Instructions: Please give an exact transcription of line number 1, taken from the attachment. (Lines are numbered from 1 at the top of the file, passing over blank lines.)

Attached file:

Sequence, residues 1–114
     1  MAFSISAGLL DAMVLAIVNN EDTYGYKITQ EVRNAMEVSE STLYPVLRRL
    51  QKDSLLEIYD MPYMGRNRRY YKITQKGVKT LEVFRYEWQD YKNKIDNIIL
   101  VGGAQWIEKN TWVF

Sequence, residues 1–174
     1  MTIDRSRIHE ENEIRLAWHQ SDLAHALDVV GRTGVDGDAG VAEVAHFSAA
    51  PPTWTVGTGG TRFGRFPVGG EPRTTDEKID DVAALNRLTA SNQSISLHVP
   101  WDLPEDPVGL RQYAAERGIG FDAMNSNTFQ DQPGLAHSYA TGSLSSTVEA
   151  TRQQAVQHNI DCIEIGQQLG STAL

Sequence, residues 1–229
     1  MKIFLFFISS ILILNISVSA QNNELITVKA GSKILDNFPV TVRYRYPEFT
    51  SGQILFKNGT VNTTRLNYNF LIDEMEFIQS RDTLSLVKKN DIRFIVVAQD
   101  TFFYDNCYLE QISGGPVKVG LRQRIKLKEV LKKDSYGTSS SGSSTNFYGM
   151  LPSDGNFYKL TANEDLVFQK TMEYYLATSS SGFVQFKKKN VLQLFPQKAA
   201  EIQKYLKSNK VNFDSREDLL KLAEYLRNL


Sequence, residues 1–114